[lit-ideas] Re: his master (narrative's) voice

  • From: JimKandJulieB@xxxxxxx
  • To: lit-ideas@xxxxxxxxxxxxx
  • Date: Sun, 15 Oct 2006 18:25:22 EDT

I don't know.....I have a cassette (obviously purchased a couple decades  
ago) of Cummings reading his poetry.  He's rather stilted and I found them  
less pleasing to the ear than to the eye.  Maybe it's just me.
Julie Krueger

========Original  Message========     Subj: [lit-ideas] his master 
(narrative's) voice  Date: 10/15/2006 3:04:20 P.M. Central Standard Time  From: 
_eyost1132@xxxxxxxxxxxxxx (mailto:eyost1132@xxxxxxxxxxxxx)   To: 
_lit-ideas@xxxxxxxxxxxxxx (mailto:lit-ideas@xxxxxxxxxxxxx)   Sent on:    
I strongly recommend listening to a poet read his  or her
work. One gets a better sense of their breath-line and
emphasis,  and it can open up new appreciation. Hearing a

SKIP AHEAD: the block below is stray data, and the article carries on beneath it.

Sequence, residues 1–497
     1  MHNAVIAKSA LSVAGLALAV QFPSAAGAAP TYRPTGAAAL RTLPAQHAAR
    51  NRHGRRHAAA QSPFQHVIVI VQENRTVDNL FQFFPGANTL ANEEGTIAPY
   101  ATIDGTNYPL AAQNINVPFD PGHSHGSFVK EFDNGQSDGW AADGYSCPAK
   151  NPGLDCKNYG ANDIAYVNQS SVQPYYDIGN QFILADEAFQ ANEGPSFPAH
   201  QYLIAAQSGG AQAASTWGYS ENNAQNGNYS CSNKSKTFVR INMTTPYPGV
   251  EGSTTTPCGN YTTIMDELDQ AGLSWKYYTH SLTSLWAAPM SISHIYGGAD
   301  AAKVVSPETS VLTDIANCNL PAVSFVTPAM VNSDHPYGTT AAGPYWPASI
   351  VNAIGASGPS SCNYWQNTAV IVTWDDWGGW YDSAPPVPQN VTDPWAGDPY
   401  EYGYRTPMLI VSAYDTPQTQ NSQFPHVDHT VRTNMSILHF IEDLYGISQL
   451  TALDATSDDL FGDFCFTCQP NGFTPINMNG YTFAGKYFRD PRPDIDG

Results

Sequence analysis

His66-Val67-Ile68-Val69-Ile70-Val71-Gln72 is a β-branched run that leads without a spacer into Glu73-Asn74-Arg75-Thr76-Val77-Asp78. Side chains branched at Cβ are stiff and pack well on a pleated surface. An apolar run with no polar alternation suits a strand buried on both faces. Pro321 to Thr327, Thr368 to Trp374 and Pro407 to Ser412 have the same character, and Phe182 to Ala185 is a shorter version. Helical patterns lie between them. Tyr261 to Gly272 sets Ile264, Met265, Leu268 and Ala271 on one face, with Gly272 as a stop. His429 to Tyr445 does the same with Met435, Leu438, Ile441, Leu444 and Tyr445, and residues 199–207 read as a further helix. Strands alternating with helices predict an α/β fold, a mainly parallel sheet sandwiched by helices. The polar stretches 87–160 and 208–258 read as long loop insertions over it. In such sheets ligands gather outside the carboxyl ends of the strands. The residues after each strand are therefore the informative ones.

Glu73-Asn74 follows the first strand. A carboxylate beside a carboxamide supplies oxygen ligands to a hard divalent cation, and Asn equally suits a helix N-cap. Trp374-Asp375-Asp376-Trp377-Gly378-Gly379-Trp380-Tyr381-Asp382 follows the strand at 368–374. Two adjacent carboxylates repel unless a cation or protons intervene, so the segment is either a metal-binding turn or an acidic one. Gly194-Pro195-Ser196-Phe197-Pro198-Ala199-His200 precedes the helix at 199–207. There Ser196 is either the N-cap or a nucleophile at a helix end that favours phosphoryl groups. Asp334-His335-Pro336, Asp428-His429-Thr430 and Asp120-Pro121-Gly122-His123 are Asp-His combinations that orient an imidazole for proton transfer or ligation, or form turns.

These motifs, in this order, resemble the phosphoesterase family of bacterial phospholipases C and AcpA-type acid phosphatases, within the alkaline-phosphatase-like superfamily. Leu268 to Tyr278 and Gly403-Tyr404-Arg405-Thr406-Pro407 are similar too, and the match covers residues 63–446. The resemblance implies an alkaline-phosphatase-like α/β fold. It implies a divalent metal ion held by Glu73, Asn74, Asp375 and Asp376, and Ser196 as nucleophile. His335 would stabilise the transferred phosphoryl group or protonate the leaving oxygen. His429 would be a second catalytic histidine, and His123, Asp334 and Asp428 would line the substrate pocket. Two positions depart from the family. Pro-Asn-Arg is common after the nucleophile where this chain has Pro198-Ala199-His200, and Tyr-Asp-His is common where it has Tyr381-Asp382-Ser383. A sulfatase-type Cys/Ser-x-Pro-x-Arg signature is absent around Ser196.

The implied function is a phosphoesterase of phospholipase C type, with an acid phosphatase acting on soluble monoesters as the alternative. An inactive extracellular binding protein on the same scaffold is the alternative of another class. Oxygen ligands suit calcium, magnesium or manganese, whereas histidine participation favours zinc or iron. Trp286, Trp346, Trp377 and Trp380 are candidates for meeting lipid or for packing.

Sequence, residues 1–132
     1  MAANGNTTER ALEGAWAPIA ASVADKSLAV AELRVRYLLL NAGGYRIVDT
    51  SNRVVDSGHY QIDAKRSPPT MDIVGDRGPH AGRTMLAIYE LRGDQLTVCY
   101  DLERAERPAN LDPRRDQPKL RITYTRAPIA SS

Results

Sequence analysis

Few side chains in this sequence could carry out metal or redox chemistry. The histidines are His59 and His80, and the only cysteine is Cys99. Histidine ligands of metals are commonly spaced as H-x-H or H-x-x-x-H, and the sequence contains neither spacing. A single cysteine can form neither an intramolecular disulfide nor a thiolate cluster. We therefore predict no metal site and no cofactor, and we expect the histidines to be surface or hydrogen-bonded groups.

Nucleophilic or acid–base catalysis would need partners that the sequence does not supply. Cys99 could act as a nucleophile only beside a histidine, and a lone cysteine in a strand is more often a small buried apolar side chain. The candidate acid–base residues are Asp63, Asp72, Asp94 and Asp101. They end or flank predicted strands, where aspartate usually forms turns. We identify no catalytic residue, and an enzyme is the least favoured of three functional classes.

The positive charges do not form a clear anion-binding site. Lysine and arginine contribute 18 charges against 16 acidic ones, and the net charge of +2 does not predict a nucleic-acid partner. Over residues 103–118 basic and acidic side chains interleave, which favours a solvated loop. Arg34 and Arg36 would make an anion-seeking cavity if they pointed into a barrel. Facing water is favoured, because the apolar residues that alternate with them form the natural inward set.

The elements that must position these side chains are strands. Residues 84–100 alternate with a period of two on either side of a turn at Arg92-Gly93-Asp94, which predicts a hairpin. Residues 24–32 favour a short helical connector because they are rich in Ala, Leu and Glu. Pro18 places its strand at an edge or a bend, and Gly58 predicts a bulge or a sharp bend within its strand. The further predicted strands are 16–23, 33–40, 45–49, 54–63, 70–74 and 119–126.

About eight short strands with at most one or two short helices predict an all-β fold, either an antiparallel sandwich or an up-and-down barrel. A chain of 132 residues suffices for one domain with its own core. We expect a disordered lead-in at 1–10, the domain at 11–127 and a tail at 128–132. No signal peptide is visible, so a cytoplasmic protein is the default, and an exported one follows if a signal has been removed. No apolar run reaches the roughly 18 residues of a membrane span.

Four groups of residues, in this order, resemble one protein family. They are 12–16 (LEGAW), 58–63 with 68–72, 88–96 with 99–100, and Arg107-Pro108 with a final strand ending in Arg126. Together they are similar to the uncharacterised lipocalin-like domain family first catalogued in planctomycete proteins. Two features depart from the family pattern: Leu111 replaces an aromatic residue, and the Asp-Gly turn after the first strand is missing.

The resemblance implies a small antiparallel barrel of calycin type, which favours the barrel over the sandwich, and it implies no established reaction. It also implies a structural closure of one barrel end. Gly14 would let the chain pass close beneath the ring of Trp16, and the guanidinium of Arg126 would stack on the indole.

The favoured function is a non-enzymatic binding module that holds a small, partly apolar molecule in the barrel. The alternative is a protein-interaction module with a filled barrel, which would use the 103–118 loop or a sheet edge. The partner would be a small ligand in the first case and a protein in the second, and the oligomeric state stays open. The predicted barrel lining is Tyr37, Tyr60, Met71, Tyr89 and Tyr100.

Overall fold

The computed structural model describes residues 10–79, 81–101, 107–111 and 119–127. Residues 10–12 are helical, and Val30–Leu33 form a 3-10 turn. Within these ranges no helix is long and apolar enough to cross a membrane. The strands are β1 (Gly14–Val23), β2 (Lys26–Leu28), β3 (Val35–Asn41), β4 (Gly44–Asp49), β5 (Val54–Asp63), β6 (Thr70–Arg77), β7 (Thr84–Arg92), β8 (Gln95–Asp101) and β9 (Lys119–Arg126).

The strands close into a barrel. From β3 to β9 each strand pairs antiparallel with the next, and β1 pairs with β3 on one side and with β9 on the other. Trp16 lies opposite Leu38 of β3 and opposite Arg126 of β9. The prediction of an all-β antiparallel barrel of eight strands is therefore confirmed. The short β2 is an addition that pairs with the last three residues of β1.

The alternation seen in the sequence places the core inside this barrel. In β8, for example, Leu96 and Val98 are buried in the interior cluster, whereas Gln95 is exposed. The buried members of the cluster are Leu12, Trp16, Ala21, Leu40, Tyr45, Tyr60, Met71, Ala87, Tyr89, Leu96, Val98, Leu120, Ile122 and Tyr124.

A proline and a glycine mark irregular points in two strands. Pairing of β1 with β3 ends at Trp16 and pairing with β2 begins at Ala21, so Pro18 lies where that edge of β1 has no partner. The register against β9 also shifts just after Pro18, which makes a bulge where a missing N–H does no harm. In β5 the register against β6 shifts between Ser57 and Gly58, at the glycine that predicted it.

poet's voice is also a form of  biographical information.

In the case of Merwin, there's a Caedmon  recording of him
reading early poems. The little poem below, in his  reading,
completely springs to life:

Dusk in Winter

The sun  sets in the cold without friends
Without reproaches after all it has done for  us
It goes down believing in nothing
When it has gone I hear the stream  running after it
It has brought its flute it is a long way

-W.S.  Merwin,  Dusk in Winter,  1952.

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